I’m Still Here – A Review

October 30, 2010

There’s an episode of The Simpsons where Bart dreams of being a rock star. Rather than picturing himself popular and swathed in adoring fans, instead, Bart pictures himself drunk, bloated and dyspeptic. In The Simpsons, it’s a joke. In Hollywood, it’s the truth. Fame is rotten, but the rot has allure. That’s why famous people find it so hard to be good, because people want them for their fame, and unadulterated want…won’t judge, even the most heinous crimes. Famous people act badly the way sinking ships set off distress flares. Every ugly scene is a warning: “I’m poison” it says. Joaquin Phoenix’s new movie, I’m Still Here, is a quasi-comedy about toxic celebrity. It’s the sort of movie Mel Gibson should watch on a loop.

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Easy A – A Review

October 24, 2010

Having sex in high school is so potentially fatal an exploit, it’s a wonder anyone does it. Years ago, it was bad…and that before the internet. Now, not only is there the acute embarrassment of having sex when you have no idea what you’re doing; you’ve also got the blogosphere / Facebook / text-rumour-mill to deal with. Can you (I’m speaking to those readers over-30 here) actually imagine how tough it must be to be clodhopping through your teens with ten thousand camera-phones recording every social faux pas? In the new comedy, Easy A, a girl gets a reputation as a harlot within about fifteen seconds of saying she’s slept with a guy. She doesn’t even have sex, and still everyone’s telling her she’s doing it wrong.

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The Social Network – A Review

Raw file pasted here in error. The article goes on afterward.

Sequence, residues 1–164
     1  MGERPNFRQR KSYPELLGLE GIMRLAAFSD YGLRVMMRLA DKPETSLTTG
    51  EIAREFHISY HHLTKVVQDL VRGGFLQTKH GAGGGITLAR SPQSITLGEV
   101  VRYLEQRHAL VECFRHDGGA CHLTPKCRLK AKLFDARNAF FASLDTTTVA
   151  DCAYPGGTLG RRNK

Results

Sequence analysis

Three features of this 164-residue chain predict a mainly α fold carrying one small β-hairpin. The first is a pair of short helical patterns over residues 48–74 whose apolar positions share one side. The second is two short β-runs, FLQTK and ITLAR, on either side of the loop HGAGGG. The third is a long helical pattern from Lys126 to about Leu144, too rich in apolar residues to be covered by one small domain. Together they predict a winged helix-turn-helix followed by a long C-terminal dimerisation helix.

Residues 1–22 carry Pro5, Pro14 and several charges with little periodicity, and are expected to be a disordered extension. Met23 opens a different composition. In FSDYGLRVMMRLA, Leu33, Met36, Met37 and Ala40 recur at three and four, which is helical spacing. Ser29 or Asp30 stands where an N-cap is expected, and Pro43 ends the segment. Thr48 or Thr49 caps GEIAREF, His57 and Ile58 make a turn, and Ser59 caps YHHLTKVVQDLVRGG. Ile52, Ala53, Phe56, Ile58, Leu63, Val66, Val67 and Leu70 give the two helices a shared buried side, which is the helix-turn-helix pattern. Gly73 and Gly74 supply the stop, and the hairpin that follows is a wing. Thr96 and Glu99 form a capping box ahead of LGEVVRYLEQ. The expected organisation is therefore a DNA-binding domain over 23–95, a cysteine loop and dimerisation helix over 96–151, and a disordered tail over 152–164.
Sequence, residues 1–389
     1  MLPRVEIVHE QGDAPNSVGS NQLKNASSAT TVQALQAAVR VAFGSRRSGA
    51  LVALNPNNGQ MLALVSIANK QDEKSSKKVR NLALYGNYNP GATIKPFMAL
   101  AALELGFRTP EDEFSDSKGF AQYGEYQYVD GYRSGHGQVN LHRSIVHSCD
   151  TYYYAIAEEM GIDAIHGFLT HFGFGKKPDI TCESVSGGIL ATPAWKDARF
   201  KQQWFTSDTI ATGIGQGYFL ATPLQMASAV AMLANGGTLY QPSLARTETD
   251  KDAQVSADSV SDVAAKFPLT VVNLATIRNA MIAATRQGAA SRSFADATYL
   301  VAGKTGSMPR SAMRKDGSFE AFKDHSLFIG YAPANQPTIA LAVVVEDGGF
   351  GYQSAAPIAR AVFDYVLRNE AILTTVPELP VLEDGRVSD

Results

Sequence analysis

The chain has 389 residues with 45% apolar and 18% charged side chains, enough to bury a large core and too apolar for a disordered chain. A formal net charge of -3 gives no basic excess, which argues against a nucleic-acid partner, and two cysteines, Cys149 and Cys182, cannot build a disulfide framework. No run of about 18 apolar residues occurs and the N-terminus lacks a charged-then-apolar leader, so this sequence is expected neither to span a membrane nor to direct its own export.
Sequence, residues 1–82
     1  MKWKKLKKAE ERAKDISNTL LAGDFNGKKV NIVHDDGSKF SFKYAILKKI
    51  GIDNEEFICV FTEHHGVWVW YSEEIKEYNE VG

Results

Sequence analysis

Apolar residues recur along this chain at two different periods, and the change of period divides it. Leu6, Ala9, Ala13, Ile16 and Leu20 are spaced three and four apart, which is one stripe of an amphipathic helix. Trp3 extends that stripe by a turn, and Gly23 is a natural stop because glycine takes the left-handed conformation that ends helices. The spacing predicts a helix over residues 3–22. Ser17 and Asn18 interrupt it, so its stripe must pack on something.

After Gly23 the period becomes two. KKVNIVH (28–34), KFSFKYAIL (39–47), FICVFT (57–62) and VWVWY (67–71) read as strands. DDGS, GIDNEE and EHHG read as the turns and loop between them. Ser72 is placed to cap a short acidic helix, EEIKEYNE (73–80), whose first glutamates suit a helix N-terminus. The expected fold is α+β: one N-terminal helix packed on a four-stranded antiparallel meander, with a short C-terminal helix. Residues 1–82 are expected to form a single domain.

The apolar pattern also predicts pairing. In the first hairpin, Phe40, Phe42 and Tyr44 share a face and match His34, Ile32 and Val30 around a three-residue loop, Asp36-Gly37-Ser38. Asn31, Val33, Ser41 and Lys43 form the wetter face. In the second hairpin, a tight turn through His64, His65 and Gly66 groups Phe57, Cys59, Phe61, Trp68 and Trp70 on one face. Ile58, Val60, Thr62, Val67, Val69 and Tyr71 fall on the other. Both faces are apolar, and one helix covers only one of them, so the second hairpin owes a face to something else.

October 17, 2010

There’s a quote from a poem by Henry Van Dyke that I think sums up Facebook’s appeal: “…the heart’s immortal thirst to be completely known and all forgiven.” Dave Eggers quoted this line at the start of his best-selling memoir, A Heartbreaking Work of Staggering Genius. Published in 2000, a few years before blogs and Facebook pages made autobiographies obsolete, Eggers book anticipated our collective need to shine a spotlight on our souls. Eggers was desperate for his every thought to be completely known (and all forgiven) in the 90s, for God’s sake. He knew the future was about splaying your life for others to read; no detail too personal, no person denied the right to judge. Facebook just digitised the process.

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Eat Pray Love – A Review

October 3, 2010

“You, you, you,” says the toothless holy man. “Me, me, me,” says Julia Roberts. Yes, she has returned…the high priestess of Hollywood’s true religion: the self. Behind every red ball of Kabbalah string…behind every pledge to Scientology…there’s an ego. And none is bigger or more ferocious than Julia’s. To even think of starring in Eat Pray Love, you need an ego the size of India. Based on the best-selling self-help travelogue by Elizabeth Gilbert, this is story of one woman learning to love herself, in spite of good-looks and ready access to finance. It’s an overcoming adversity story, except the “adversity” part is a load of bullshit, and Julia has about as much difficulty “overcoming” it as mustard does overcoming a hotdog.

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